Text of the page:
Thursday, October 19, 2006

More on North Korea Policy

In my “Responsibility for North Korea's Nuclear Test” post of October 15 I mis-stated some of the complexities involved in the question of whether N. Korea was actually proceeding with uranium enrichment as the Bush 43 administration charged in October 2002. I wrote: “But, in the summer of 2002, there was increasing evidence that the North Koreans had resumed their nuclear program.” Since then I have come across an article by Selig Harrison, Director of the Asia Program and Chairman of the Task Force on U.S. Korea Policy at the Center for International Policy. In Foreign Affairs, January-February 2005, he published an article entitled “Did North Korea Cheat?"

Taken together Harrison’s and Pollack’s articles support the following conclusions:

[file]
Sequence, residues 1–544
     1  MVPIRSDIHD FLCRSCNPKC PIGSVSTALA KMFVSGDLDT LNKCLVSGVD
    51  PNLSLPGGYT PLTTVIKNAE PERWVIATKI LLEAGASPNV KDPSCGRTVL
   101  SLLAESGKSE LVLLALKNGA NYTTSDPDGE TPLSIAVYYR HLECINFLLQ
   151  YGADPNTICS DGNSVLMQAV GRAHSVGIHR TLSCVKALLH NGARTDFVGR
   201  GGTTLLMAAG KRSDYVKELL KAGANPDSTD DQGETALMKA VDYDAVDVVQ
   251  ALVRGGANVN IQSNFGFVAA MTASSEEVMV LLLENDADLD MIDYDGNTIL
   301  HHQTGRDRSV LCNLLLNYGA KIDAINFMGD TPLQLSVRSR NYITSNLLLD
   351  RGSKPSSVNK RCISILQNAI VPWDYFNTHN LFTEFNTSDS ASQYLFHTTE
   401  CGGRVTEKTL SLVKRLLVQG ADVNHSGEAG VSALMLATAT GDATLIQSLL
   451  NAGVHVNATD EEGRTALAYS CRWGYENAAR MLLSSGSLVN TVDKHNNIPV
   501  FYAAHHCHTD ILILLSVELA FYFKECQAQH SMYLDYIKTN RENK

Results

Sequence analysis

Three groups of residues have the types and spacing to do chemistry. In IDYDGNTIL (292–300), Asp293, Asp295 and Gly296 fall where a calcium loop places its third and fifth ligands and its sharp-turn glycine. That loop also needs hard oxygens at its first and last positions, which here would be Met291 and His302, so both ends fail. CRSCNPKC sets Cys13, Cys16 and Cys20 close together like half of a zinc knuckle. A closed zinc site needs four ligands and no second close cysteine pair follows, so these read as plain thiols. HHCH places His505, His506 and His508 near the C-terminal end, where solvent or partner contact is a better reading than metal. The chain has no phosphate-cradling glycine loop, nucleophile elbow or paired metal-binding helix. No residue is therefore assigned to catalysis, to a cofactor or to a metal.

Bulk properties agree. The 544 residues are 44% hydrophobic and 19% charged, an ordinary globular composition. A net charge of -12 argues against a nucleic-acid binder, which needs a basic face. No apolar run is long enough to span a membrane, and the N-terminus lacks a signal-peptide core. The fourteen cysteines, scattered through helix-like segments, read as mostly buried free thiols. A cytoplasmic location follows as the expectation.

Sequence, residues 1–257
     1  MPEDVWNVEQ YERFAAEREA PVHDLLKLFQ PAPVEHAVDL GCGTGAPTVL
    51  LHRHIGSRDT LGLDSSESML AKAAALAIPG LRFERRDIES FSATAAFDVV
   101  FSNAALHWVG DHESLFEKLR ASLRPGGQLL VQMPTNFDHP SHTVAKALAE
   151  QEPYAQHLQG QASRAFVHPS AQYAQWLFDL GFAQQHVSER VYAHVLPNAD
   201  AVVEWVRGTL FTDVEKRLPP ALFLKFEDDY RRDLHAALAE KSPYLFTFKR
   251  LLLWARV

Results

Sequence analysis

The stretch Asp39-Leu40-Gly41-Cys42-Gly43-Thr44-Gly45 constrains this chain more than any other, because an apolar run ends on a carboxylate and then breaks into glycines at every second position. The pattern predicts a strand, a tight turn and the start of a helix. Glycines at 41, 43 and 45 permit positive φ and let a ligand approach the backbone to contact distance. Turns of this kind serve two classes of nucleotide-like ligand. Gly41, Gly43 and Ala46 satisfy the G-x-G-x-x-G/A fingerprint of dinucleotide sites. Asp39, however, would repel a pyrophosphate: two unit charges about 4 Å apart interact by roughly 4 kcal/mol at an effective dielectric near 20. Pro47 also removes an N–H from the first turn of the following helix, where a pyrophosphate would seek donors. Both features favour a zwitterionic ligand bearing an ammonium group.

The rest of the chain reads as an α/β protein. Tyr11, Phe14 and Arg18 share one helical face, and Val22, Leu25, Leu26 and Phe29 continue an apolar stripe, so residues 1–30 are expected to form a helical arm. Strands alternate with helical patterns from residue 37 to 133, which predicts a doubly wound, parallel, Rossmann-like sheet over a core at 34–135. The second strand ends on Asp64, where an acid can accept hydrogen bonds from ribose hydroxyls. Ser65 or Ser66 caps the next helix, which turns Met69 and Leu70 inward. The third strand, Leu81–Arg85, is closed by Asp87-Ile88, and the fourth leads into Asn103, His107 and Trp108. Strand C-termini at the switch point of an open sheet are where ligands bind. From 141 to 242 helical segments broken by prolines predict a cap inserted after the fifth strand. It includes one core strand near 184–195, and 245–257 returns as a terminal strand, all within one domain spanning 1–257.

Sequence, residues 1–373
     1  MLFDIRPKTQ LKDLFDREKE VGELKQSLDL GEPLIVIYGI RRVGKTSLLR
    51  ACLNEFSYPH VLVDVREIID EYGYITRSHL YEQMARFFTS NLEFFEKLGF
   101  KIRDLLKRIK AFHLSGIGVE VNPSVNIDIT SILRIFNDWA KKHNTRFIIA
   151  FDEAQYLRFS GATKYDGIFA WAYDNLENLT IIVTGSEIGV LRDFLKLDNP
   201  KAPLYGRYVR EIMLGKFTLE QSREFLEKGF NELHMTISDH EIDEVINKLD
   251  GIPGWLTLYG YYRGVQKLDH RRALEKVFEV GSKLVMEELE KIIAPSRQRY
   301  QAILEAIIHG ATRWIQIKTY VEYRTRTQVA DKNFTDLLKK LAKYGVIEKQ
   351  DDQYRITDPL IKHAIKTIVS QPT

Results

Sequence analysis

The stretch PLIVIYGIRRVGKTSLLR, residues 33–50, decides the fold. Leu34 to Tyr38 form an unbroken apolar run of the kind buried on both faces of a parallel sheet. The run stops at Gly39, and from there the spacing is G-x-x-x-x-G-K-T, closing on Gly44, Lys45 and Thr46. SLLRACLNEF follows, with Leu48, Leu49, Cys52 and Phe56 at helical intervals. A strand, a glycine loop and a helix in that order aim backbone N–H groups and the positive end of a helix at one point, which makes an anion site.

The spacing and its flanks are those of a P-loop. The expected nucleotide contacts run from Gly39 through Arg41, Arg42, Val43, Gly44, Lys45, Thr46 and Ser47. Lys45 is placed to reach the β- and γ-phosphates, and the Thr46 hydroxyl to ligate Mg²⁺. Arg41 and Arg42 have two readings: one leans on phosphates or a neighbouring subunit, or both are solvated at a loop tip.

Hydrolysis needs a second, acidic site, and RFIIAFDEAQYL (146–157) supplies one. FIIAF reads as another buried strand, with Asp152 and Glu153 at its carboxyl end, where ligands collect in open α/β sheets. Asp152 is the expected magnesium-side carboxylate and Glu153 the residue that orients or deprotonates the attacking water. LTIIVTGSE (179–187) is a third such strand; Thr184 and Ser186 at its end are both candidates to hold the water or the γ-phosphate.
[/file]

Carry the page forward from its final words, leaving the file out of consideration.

1) The Bush 43 administration hurried the confrontational visit of Assistant Secretary of State James Kelly to North Korea in October 2002 to block more conciliatory approaches by the South Koreans and Japanese. Harrison wrote: “Kelly's confrontation with Kang [N. Korea’s First Deputy Foreign Minister] seems to have been inspired by the growing alarm felt in Washington in the preceding five months over the ever more conciliatory approach that Seoul and Tokyo had been taking toward Pyongyang; by raising the uranium issue, the Bush administration hoped to scare Japan and South Korea into reversing their policies. The chain of events leading to the confrontation began in April 2002, when the two Koreas decided to move ahead with plans for North-South railroad links and for the development of a new industrial zone at Kaesong in North Korea, where some 1,000 South Korean firms were expected to establish factories. These steps required U.S. approval to de-mine the demilitarized zone. The United States strongly resisted the thaw, refused to approve the de-mining, and threatened to block the Kaesong project by restricting the use of U.S.-licensed and other sensitive technology by companies investing in the zone. (U.S.-South Korean tensions over the technology issue have since intensified.) But in August 2002, South Korea's then president, Kim Dae Jung, personally appealed to President George W. Bush to drop his objections, and on September 12, after an intense diplomatic struggle, the Pentagon reluctantly gave the go-ahead for de-mining. American anxieties only grew, however, when, on September 17, 2002, Japanese Prime Minister Junichiro Koizumi visited Pyongyang to discuss the normalization of relations--a visit that Japan had been quietly exploring for more than nine months without telling the United States. Washington, in fact, found out about the trip only three weeks before it occurred, when Koizumi presented the upcoming visit as a fait accompli to Deputy Secretary of State Richard Armitage. Koizumi did not ask for U.S. permission to go to North Korea, and he refused to call off the trip even after Armitage revealed Washington's suspicions about a secret North Korean uranium program.”